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Corey Coleman’s injuries could derail hopeful sophomore season

There will be targets aplenty, so can Corey Coleman stay healthy enough to develop his skill-set and live up to his draft status?

NFL: Cleveland Browns at Pittsburgh Steelers Charles LeClaire-USA TODAY Sports

Cleveland Browns receiver Corey Coleman’s already banged-up body is concerning as he moves into a potential breakout sophomore season.

After taking a “huge spill” as Hue Jackson characterized his falling onto the football after a catch attempt during the team’s first week of OTAs, Coleman has been held out and could potentially miss the team’s upcoming mandatory June minicamp as a precaution. That means he’ll miss most of OTAs, minicamp and will be off the field until training camp in July.

The reason given for his absence may differ depending on the source, but Coleman could potentially also be dealing with a sore hamstring according to reporting by Mary Kay Cabot of The Plain Dealer.

It’s all there, in layers, an unfolding docudrama of one man’s body’s propensity to break down at the most inoportune moments. And it’s hardly an isolated situation since Coleman was snagged by the Browns in the first round of last year’s draft.

The litany of overall injuries he’s sustained is a growing list that includes multiple hamstring ailments that have caused him to miss significant playing and practice time at both the collegiate and professional levels.

Missing time in college while playing in Baylor’s cookie-cutter offense didn’t seem to hamper him as his career progressed there, but it’s a different story with the level of complexity of the NFL. It’ll be hard for him to take advantage of the massive opportunity awaiting him if he can’t shake these problems during preseason and enter the 2017 season with a clean bill of health.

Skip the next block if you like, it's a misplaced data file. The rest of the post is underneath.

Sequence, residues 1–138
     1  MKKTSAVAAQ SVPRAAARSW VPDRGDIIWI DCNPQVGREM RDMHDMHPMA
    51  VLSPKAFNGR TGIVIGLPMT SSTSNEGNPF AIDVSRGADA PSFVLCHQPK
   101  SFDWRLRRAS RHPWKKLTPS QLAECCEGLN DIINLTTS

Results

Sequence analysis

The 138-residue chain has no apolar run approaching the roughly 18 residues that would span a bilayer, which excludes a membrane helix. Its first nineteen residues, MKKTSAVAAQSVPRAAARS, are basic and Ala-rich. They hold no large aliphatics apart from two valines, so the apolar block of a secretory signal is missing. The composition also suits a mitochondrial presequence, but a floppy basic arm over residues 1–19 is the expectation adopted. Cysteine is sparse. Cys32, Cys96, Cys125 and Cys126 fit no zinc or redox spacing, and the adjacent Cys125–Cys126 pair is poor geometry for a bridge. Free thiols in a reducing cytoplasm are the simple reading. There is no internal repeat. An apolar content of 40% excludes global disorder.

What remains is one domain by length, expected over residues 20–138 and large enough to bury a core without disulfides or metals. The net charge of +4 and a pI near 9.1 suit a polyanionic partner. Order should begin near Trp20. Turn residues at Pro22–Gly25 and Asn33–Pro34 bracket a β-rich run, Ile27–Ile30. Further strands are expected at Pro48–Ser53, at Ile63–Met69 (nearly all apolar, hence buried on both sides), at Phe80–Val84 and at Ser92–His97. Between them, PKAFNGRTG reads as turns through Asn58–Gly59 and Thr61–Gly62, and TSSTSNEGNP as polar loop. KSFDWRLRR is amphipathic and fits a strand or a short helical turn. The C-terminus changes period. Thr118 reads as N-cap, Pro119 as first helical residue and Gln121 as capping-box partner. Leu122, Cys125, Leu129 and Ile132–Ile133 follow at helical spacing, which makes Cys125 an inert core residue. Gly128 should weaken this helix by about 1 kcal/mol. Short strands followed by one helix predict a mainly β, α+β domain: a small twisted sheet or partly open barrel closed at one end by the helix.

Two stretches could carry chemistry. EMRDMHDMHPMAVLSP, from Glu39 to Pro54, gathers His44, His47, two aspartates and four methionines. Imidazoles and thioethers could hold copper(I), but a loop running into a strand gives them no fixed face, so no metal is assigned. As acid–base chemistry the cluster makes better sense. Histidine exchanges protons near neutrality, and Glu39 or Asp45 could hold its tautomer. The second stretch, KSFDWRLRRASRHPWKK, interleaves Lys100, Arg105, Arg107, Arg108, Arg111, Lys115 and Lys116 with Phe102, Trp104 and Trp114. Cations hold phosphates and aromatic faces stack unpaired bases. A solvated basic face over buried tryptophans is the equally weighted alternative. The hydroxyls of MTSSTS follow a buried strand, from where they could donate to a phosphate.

And it’s important he does because his hype couldn’t be higher for his sophomore campaign despite his rocky rookie season. That season saw him haul in just 45.2 percent of his targets, fourth worst in the NFL for receivers with 50 or more targets. Now, those struggles can partially be attributed to him missing six weeks after a breakout two touchdown performance in Week 2, and maybe blamed a little bit on the Browns’ annual quarterback carousel, but his play surely wasn’t an encouraging overall body of work.

Opportunity is knocking now, loudly, given the Browns offense’s abundance of missing targets from last season. They’ll have to delegate 276 targets that were lost from a season ago after Terrelle Pryor, Gary Barnidge and Andrew Hawkins were all not retained.

Jackson has said he’s expecting Coleman to be “the guy” and to live up to his draft stock. So having him on the field to learn is crucial entrance criteria for him to even sniff becoming that type of player this season.

NFL analyst Daniel Jeremiah also talked him up and spoke a little about his expectations for him on Episode 186 of his Move the Sticks podcast hosted by

Jeremiah’s qualification — “provided he stays healthy” — is the same disclaimer I’m going to leave you with. And although it may be way too early to be worried about injuries affecting him this season, a trend does exist, and that trend coupled with recent developments is certainly something to pay attention to as summer turns to fall and pads are donned.

It’s not fair to label him “injury prone” per se, not yet, but trends don’t lie.

Jackson and his staff could very well be happy with Coleman’s progress and are tracking diligently on his injury history. That understanding would make sense given the precaution they’re showing with him at this early point in their offseason program.

Having him healthy and ready to go full speed in training camp should be their utmost priority, and we’re still on track for that. So while it’s OK to be concerned, no one needs to panic just yet.